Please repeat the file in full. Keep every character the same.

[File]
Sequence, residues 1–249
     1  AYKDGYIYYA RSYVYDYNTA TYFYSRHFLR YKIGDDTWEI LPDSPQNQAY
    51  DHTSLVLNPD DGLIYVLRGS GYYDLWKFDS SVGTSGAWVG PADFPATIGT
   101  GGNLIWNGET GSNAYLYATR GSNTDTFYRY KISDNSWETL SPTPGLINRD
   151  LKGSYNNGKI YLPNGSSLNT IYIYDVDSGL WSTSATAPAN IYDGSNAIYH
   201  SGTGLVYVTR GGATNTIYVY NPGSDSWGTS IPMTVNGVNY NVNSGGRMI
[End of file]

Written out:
Sequence, residues 1–249
     1  AYKDGYIYYA RSYVYDYNTA TYFYSRHFLR YKIGDDTWEI LPDSPQNQAY
    51  DHTSLVLNPD DGLIYVLRGS GYYDLWKFDS SVGTSGAWVG PADFPATIGT
   101  GGNLIWNGET GSNAYLYATR GSNTDTFYRY KISDNSWETL SPTPGLINRD
   151  LKGSYNNGKI YLPNGSSLNT IYIYDVDSGL WSTSATAPAN IYDGSNAIYH
   201  SGTGLVYVTR GGATNTIYVY NPGSDSWGTS IPMTVNGVNY NVNSGGRMI